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Gene prediction: compare and CONTRAST

Paul Flicek

Author affiliations

European Bioinformatics Institute, Wellcome Trust Genome Campus, Hinxton, Cambridge CB10 1SD, UK

Citation and License

Genome Biology 2007, 8:233  doi:10.1186/gb-2007-8-12-233


The electronic version of this article is the complete one and can be found online at: http://genomebiology.com/2007/8/12/233


Published:20 December 2007

© 2007 BioMed Central Ltd

Abstract

CONTRAST, a new gene-prediction algorithm that uses sophisticated machine-learning techniques, has pushed de novo prediction accuracy to new heights, and has significantly closed the gap between de novo and evidence-based methods for human genome annotation.

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Gene prediction is one of the most important and alluring problems in computational biology. Its importance comes from the inherent value of the set of protein-coding genes for other analysis. Its allure is based on the apparently simple rules that the transcriptional machinery uses: strong, easily recognizable signals within the genome such as open reading frames, consensus splice sites and nearly universal start and stop codon sequences. These signals are highly conserved, are relatively easy to model, and have been the focus of a number of algorithms trying to locate all the protein-coding genes in a genome using only the sequence of one or more genomes. This technique, so-called de novo prediction, does not use information about expressed sequences such as proteins or mRNAs.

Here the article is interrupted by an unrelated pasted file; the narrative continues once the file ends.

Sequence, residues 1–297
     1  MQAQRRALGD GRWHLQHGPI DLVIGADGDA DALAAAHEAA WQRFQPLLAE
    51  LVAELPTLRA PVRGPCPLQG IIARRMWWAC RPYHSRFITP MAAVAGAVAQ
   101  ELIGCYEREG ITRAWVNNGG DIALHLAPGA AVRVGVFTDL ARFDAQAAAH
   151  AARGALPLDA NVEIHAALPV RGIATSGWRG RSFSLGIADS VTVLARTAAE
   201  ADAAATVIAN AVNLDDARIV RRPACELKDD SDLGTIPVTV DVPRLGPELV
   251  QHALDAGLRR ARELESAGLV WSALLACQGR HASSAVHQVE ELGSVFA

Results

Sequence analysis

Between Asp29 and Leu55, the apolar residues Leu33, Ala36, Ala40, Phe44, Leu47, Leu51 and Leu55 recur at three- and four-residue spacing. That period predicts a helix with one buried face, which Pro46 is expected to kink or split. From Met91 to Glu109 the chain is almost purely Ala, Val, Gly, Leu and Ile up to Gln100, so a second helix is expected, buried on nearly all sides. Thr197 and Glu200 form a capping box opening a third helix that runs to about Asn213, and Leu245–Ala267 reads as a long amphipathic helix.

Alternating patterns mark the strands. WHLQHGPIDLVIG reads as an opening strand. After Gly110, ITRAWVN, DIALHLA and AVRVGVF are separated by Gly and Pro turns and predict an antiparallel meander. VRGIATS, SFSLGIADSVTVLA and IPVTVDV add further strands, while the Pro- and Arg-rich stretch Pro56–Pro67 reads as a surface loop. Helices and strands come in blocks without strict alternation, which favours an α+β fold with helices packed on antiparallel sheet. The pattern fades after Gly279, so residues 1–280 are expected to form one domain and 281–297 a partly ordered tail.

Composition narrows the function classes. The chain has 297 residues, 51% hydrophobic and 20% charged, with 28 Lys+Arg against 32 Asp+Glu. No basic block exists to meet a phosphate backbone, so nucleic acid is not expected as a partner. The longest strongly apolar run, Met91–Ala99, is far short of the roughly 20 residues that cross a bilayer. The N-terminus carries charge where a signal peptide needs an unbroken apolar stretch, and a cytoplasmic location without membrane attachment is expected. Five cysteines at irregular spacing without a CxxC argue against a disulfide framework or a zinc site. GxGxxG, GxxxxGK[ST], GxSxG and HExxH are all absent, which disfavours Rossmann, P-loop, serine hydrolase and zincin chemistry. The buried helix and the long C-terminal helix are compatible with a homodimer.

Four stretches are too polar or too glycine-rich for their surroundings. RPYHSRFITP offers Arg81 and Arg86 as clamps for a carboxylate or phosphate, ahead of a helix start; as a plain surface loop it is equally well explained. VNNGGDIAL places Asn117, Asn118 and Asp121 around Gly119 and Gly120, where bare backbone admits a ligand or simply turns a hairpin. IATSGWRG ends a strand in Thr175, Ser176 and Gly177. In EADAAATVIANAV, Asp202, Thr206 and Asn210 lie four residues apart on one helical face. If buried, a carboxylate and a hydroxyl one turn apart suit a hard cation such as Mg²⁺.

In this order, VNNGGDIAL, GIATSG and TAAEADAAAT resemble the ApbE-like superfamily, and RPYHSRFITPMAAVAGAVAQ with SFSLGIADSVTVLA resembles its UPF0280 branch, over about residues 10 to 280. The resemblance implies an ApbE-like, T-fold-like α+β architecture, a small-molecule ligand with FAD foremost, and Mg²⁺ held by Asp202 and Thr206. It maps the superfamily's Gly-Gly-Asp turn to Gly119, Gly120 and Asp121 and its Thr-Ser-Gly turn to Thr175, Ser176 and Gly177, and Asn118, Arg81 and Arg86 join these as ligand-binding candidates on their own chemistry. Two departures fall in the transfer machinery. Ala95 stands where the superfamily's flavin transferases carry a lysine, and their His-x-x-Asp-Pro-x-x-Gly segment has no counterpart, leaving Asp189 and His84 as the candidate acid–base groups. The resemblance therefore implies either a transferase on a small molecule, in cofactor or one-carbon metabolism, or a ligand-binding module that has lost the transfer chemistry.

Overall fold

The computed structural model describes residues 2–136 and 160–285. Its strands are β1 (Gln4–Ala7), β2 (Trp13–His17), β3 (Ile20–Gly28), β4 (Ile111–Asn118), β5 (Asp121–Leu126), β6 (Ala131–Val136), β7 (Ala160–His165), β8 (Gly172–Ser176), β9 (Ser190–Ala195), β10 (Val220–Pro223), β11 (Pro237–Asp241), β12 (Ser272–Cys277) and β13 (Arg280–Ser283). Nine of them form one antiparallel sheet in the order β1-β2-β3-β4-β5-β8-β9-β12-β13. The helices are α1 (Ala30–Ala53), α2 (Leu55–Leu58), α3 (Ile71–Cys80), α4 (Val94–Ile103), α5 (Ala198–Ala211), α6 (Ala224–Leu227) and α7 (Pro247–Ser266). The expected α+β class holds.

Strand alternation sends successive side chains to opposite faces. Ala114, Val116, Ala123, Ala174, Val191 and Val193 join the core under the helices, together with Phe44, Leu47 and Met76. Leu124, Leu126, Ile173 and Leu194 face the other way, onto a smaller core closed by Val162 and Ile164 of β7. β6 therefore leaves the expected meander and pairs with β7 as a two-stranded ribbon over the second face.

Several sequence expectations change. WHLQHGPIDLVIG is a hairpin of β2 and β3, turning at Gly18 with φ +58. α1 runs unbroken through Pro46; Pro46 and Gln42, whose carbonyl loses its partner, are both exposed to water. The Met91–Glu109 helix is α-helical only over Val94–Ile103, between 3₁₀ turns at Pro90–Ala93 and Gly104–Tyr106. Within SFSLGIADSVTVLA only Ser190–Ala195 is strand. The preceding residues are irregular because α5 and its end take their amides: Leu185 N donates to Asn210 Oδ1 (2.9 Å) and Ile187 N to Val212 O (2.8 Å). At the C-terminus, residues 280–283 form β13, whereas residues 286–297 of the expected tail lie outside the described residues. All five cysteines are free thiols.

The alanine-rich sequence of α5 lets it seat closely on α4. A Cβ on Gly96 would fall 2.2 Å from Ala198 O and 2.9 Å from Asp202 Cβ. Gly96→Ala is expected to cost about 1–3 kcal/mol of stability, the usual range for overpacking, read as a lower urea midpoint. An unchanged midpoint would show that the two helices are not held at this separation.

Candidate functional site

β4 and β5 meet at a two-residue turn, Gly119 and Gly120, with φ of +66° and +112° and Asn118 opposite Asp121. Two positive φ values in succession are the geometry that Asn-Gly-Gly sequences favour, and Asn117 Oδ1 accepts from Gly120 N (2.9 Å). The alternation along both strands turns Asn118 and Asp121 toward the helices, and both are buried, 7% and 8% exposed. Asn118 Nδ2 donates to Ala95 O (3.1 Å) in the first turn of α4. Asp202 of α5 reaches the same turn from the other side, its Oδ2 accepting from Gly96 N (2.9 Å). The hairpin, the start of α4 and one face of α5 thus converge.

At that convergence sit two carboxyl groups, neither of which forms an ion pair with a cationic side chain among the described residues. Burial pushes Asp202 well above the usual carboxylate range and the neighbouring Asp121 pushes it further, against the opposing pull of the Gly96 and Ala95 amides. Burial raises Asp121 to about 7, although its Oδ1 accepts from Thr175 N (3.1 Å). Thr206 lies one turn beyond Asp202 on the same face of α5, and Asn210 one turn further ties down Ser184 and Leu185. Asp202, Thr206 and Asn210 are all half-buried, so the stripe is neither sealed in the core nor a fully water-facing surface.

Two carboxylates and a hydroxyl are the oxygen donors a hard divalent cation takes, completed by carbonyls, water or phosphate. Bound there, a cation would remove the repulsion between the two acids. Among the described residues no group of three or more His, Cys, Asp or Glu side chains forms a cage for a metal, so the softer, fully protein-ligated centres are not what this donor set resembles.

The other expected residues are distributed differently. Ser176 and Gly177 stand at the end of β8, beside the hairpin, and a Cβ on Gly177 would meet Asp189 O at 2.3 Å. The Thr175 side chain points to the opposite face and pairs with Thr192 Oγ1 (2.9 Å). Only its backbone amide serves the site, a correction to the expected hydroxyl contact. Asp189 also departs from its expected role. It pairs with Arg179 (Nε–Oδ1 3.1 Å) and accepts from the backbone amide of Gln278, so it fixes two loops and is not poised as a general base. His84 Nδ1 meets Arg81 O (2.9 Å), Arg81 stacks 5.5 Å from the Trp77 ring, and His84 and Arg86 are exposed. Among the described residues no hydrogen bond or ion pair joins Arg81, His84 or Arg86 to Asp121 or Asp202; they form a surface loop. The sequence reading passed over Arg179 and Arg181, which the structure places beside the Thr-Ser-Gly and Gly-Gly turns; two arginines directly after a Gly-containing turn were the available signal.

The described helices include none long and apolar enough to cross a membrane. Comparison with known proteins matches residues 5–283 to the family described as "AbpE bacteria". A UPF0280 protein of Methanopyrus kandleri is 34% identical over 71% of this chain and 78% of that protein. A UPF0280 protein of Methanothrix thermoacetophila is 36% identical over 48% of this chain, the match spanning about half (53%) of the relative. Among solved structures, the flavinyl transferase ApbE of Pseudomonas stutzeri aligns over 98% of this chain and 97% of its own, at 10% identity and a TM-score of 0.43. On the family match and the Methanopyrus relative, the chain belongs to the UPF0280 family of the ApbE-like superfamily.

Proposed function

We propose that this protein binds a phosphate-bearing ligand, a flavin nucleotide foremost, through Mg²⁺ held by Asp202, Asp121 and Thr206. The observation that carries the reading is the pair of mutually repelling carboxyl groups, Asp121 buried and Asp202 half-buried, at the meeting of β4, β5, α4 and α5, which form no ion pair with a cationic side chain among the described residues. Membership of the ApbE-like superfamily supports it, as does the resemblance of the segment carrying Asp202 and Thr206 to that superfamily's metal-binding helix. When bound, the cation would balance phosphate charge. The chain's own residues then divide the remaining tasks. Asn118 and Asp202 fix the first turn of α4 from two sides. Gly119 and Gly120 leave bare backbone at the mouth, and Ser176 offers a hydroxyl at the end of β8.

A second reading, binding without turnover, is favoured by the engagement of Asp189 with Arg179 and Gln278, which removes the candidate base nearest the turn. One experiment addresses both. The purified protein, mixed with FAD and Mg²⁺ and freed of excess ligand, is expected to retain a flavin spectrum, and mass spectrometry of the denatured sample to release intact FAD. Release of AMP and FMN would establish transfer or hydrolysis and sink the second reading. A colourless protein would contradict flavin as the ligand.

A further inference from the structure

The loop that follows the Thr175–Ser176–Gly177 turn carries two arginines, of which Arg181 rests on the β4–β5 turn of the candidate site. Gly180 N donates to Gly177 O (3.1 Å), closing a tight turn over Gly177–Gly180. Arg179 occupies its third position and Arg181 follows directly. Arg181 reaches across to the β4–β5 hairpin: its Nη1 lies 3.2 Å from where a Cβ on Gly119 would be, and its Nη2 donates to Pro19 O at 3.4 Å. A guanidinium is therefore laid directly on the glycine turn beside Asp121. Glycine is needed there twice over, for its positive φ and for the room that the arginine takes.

In this month's issue of Genome Biology, Gross and colleagues [1] describe the gene-prediction program CONTRAST, the latest significant advance in de novo gene prediction. The program exploits patterns inherent in multiple sequence alignments while making few assumptions about evolutionary processes. Its accuracy is considerably higher than any other de novo prediction program and has significantly closed the gap between de novo and evidence-based methods for human genome annotation.

There have been two previous significant breakthroughs in de novo human gene prediction. The first was the identification and optimization of algorithms to effectively model the problem. The second was the use of an evolutionarily related genome sequence to reliably increase both the sensitivity and specificity of the predictions. Both advances are briefly discussed below (for more on the history of gene finding see [2]).